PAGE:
Tara Feinstein, 12, is a Hin-Jew living in New York. Her mother is a Hindu convert, her father is Jewish and she lives comfortably with both cultures, enjoying chicken soup as well as chaat masala on popcorn. But her bat mitzva is approaching and she must decide what, if anything, God means to her. A conversation with a schoolmate helps her make an unexpected decision. Ages 10-14.
Mira Levenson is also a Hin-Jew, but she lives in England. A shy girl, she is anxious about turning 12. Her grandmother, Nana Josie, is very ill, but everybody is surprised when a coffin she ordered arrives in the middle of Mira’s birthday party, which is being held at Nana Josie’s house. On that same day, Mira suddenly gets her period. It is all too much for Mira, but her Nana tries to teach her that she can be open to experiences that are hard but still keep her heart tender inside. Ages 9
The JGuy’s Guide: The GPS for Jewish Teen Guys by Joseph B. Meszler, Shulamit Reinharz, Liz Suneby and Diane Heiman. (Jewish Lights, 208 pp. $16.99)
In 2005, Jewish Lights published The JGirl’s Guide: The Young Jewish Woman’s Handbook for Coming of Age by Penina Adelman, Ali Feldman and Shulamit Reinharz. In 10 chapters, it helped young girls explore friendship, relationships with parents and coping with stress, among many other topics. Now, happily, The JGuy’s Guide is available to address the issues that boys face using Jewish sources of wisdom and common sense. The titles of the 10 chapters describe the content: Frenemies: I like my friends, but not always what they do; True to Myself: Sometimes things bother me, but I am not comfortable speaking up; God…Really? I am not sure I believe in God because the world is pretty messed up; The Torah of Everything: Now that I think about it, that’s amazing. Plus looking at sexuality, self-esteem and figuring out what kind of man to become.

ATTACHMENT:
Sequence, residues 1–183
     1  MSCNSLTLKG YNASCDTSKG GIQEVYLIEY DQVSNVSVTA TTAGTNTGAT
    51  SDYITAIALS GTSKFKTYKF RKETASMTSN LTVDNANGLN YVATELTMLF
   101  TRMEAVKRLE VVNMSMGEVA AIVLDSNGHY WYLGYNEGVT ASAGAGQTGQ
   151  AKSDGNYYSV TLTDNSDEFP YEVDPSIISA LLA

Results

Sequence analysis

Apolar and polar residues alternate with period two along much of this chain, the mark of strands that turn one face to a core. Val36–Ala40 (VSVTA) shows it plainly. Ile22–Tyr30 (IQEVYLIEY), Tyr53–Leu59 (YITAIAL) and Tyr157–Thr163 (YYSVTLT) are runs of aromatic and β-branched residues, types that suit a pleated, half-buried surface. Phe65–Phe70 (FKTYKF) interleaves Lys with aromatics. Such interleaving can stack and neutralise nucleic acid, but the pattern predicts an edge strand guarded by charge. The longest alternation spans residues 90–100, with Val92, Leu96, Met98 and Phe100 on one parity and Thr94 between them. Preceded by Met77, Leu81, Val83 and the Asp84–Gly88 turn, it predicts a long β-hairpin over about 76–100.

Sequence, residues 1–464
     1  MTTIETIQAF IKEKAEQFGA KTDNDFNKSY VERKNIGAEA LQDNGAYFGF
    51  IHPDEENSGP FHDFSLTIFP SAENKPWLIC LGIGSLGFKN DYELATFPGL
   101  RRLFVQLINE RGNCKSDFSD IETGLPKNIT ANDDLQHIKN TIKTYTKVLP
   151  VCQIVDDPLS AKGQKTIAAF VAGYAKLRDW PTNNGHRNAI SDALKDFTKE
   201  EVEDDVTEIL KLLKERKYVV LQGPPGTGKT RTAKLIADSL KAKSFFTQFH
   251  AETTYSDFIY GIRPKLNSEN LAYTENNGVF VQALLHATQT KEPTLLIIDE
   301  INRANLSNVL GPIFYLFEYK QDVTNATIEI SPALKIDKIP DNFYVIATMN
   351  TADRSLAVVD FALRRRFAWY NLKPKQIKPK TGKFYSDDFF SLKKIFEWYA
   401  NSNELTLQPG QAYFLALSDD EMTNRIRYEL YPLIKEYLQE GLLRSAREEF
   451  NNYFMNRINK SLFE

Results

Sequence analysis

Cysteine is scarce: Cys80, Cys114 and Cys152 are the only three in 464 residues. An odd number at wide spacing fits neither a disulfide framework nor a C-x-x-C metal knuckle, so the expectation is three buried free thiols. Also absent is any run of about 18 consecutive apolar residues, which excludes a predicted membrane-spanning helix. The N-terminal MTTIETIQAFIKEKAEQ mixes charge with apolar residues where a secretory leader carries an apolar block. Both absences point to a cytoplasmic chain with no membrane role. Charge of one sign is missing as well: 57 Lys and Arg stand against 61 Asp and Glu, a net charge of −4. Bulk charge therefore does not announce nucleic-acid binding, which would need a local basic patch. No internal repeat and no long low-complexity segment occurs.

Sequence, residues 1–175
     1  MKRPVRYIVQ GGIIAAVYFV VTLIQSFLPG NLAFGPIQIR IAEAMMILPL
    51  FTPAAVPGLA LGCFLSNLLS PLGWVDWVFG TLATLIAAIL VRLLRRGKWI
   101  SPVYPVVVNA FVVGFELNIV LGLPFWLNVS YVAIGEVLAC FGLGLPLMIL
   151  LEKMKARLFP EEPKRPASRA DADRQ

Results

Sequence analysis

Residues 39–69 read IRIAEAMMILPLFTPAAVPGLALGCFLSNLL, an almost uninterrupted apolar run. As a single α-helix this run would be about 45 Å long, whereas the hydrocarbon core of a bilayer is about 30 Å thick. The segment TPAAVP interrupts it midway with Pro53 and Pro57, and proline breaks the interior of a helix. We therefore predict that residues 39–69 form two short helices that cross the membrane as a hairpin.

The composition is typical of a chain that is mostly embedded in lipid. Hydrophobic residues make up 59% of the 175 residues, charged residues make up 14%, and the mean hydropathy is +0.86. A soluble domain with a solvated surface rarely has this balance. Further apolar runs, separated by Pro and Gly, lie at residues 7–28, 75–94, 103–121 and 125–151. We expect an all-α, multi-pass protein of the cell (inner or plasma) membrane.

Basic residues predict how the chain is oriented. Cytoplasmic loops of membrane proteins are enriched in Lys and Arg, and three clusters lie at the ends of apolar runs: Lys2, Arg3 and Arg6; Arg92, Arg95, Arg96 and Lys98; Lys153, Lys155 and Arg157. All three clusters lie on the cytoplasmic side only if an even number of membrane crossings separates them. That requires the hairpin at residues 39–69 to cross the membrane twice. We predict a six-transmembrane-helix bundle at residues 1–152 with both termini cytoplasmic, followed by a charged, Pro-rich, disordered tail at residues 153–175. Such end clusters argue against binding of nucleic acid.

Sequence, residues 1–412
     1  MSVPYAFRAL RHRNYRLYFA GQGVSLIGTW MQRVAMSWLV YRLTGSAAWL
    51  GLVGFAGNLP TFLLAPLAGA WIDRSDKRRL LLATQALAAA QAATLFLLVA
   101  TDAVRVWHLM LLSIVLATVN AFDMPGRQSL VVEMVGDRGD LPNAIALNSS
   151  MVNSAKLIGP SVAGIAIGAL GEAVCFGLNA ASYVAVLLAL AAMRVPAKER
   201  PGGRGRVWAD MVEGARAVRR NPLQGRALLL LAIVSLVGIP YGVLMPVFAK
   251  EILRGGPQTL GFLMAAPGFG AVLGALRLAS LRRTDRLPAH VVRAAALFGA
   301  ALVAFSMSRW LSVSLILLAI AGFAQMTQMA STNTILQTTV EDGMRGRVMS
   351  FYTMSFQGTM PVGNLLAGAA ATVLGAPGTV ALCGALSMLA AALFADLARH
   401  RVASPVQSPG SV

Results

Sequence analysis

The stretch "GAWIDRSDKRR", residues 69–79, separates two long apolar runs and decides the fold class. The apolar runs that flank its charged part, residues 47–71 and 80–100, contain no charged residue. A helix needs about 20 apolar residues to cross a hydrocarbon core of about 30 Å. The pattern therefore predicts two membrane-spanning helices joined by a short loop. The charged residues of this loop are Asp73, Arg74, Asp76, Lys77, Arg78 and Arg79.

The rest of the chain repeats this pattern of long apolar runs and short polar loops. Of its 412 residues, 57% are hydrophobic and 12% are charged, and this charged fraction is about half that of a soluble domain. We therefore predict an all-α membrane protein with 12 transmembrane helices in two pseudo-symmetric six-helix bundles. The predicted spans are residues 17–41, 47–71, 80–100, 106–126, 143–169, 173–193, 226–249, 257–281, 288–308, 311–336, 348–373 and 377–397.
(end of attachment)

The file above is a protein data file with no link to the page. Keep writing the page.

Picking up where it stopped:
This slim paperback has worksheets and exercises and can be used in the classroom and boys groups, but it can also be valuable for parents and their sons to read together at home. There is so much to figure out socially, intellectually and spiritually when you move into your teens, but both these books can help disperse the fog of self-doubt.
Most of us know that Hanukka, a minor Jewish holiday, now has greater significance in America than anywhere else that Jews live. And most of us realize that much of the reason for its prominence is its proximity to Christmas. This year, of course, Hanukka does not have to compete with Christmas. Instead it is having a comfortable—and rare—collaboration with Thanksgiving.
But for anyone wanting to know the many ways in which the holiday of the Maccabees’s victory over the Greek-Syrians—celebrated with the eight nights of candle-lighting, dreidle playing, latke eating and gift-giving—attained its current status, it is all detailed in Deanne Ashton’s painstakingly thorough book. Ashton, professor of religion studies, is the author of four books, and currently editor of the scholarly journal American Jewish History, shows the holidays transformation drawing on songs, plays, liturgy, sermons and other material, giving a picture of various rabbis and communities across the country.
Fascinating tidbits show the diverse ways Jewish communities celebrate: In New Orlean, people decorate their doors with a menora made of hominy grits. In Texas, latkes are spiced with cilantro and cayenne pepper. In Cincinnati children eat oranges and ice cream. Not a bad way to celebrate!